Fiction: The Mermaid Problem

Read More: A brief Q&A with Kimi Traube

The fish had been running so strong the fisherman decided to go out with larger nets.  He loved the sight of them trapped all together behind the jute, loved their silver sides and frantic flapping, loved the way they arched their scaled tails all together in their last gasp for air.  He fished at night by the light of the moon, as all men in his small town had been taught to do, and on the third night with the broader net, the fisherman caught something he’d never seen in all his years on the sea.

When he told the tale to the other fishermen in the sea-side shack that served as their pub, none of them believed him; he could see it in their eyes.  Not even the bar wench with her thin frame and gaze permanently cast downward seemed to believe his story as she brought another ale to his table.  But she didn’t matter, with her sagging flesh and salt-ruined skin.  She didn’t matter, and the other men didn’t matter; they didn’t have to believe him because the fisherman knew what he had seen.

She’d gotten away from him in the end—the mermaid.  The huge new net groaning still with silversides and the little ship groaning under the weight of something ten times their size: small, for a woman, but large for a fish, beautiful where her face strained against the net in the moonlight, the lovely curve of her tail as she convulsed, breathless, on his deck.  She seemed in no way human, despite her breasts and long dark hair—the shimmer of her scales spread everywhere, from face to fingertip to flailing tail. And the alluring, alien red of her gills in the net in the moonlight: smaller than a human, though much larger than most of his fish.  And she had thrashed and gasped and shredded his large, new net with her pointed teeth.  But before she flipped over the ship-side and descended into the deep, the fisherman had looked in her eyes, caught her gaze in the moonlight, and no one else had to believe him because he knew.  She had a woman’s eyes, and for a moment when she stopped fighting, perhaps exhausted or perhaps enticed, he saw how she looked into him with her woman’s eyes and saw everything.  She saw his loneliness and his frustration, how the men in the pub mocked him for his small fry, how the barwench wouldn’t even let him sink his fingers like hooks into her flesh now, after years of acquiescence.  He saw the mermaid with woman’s eyes and saw how she loved him immediately, saw how her body went limp, perhaps from lack of oxygen but mostly from deep love and compassion for him, this mermaid with eyes black in the moonlight, a gift the sea had given him, a wife, finally, to call his own.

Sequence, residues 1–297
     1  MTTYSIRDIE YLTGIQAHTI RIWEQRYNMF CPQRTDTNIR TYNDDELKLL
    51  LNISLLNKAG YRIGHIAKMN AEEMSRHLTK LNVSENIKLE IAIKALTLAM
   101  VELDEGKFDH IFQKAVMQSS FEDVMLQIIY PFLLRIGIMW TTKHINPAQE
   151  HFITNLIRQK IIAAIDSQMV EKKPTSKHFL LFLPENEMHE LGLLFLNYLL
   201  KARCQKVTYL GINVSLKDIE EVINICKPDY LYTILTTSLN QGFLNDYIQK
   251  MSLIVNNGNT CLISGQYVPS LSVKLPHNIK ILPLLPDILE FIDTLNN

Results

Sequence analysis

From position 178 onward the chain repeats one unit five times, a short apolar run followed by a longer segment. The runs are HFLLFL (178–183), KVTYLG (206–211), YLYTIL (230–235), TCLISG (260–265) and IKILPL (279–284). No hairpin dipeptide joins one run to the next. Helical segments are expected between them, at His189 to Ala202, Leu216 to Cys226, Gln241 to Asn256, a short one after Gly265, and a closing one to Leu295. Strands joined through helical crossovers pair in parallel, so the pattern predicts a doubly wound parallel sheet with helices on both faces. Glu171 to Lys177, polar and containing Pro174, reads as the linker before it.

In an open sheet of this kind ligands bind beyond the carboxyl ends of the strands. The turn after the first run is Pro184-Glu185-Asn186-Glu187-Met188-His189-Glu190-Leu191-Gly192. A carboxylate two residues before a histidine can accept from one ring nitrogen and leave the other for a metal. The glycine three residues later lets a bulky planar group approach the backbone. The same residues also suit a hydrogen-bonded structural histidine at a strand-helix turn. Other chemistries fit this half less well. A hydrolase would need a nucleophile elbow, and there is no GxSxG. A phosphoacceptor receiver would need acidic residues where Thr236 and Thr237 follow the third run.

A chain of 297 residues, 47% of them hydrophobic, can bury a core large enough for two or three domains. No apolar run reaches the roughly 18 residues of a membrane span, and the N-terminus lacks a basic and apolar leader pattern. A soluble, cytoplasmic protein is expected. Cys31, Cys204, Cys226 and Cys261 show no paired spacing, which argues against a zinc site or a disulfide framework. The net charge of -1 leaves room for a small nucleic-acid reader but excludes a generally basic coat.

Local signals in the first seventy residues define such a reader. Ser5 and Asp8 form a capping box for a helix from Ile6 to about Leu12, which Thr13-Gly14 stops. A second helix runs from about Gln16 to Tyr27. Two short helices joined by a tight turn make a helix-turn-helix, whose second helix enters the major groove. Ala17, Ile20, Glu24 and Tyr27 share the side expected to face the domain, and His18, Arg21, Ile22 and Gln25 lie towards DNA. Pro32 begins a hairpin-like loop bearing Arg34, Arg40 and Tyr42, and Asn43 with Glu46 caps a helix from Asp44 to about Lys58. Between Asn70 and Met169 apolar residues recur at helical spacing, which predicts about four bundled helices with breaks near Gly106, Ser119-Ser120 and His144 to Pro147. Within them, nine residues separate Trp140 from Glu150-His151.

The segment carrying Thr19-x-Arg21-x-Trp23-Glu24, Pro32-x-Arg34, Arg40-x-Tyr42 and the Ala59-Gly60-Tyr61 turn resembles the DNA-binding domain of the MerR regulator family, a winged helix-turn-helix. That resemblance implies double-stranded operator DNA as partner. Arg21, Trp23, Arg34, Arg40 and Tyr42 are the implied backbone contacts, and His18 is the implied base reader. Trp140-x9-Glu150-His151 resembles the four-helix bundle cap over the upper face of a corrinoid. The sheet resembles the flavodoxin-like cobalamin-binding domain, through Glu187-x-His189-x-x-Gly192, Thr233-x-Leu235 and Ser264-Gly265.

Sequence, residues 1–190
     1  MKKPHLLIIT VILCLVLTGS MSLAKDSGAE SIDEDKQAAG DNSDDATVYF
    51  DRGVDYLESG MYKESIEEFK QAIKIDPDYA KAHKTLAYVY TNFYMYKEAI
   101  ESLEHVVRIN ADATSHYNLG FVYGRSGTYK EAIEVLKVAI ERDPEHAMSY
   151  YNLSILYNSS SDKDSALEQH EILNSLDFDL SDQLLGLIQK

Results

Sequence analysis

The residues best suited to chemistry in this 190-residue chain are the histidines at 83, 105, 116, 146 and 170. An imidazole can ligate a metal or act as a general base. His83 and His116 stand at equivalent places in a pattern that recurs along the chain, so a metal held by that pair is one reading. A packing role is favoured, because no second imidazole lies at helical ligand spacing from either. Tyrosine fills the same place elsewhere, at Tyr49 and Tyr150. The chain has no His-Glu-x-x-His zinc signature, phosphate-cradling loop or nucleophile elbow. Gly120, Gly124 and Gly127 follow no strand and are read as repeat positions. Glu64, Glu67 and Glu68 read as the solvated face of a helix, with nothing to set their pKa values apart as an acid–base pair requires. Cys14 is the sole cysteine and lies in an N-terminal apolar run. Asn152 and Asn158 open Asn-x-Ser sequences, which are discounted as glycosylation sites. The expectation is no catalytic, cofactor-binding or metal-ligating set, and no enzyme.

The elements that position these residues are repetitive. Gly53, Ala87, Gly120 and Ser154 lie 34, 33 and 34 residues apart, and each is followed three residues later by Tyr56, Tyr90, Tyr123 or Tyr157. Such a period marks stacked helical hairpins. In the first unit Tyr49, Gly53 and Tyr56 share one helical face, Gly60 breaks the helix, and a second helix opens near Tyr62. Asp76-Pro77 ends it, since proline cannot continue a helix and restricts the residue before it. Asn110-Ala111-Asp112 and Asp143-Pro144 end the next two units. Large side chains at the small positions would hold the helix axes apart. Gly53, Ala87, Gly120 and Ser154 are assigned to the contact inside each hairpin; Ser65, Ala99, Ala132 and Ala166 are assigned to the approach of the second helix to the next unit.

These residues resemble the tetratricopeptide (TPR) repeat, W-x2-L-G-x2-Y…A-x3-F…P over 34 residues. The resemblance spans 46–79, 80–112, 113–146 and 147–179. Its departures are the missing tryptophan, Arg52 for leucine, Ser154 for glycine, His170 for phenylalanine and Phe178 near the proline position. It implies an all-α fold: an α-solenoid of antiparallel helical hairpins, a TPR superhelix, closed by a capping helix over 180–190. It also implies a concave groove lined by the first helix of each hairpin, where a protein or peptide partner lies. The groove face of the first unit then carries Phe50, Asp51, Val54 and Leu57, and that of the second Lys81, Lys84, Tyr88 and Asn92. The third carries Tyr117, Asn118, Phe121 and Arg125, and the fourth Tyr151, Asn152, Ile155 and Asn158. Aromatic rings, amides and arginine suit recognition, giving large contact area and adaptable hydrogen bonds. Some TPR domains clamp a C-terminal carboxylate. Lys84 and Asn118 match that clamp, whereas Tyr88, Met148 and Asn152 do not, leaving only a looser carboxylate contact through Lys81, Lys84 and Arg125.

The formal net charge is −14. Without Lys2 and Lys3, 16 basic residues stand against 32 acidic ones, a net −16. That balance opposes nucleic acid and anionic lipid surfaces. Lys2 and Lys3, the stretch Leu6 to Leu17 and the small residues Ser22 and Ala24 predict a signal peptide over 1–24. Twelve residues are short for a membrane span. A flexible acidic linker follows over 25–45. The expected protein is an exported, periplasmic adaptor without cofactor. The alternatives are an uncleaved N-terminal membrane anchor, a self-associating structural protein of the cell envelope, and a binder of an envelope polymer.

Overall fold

He had to pawn his grandfather’s astrolabe to buy the new, new net, larger still and stronger, made not from jute but plastic cabling.  Aphrodite herself couldn’t gnaw through this one, the netmaker told him as he held out the heavy synthetic line.  No one believed him, but they had no problem telling his story to each other either, and so the fisherman set out doubly determined to net and land his wife.

For three nights at sea, his net came up empty, the waves barely illuminated under the last sliver of moon.  Even the silversides seemed to have fled for richer waters, but still the fisherman waited patiently under the ever-darkening moon.  On the third night, when the black of the sky matched the black of the waters and he had been waiting empty-netted for hours in the salty air, he brought out the bait he’d been saving for the occasion: a small glass canister, tightly sealed and filled with as many of the season’s last fireflies as he’d been able to trap.  He lowered the net again into the water, with the glass bubble of still-living light tucked inside, and he knew he’d chosen right for his new wife when he felt the weight of her struggling against the black cord in the black water, drawn to his side by his ball of captive light.

This was love, the fisherman knew when he landed her, and so he pinned her flapping frame in his arms and rowed into shore, beached his skiff, and hauled her into his windowless house.  This was love, so he deposited her immediately in the bathtub, which he, with his caring nature, had taken the time to seed with salt, so his wife would feel at home.  This was love, so the men in the pub would come later, and he’d savor their expressions, full of jealousy and chagrin at his beautiful new merwife, when he was ready to let them see her, when he was ready to let them in.  His wife, for her part, was even more beautiful by the light of the candles than she’d been in the light of the moon, though she seemed to be unconscious, her broad silver tail still in the waters of the bathtub, her red gills slowly pulsating in the flickering light.

In the morning, she seemed weak and did not open her woman’s eyes until he pulled her face from the water and slapped her, but then she did open them, and he saw it again, how she loved him, how she knew all of his sins and forgave them, how she would be the balm for all of his afflictions, how she’d bear his children and his name as his wife. […]

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Kimi Traube’s short fiction and translations have appeared in Bomb Magazine, Electric Literature, the Best of the Net Anthology, and elsewhere. The 2020 Pamet River Prize highlighted my novel in prose poems as a semi-finalist. My translation of Juan Villoro’s The Guilty garnered praise from the New York Times and the L.A. Times. Traube completed her M.F.A. at Columbia University in 2014.

Read More: A brief Q&A with Kimi Traube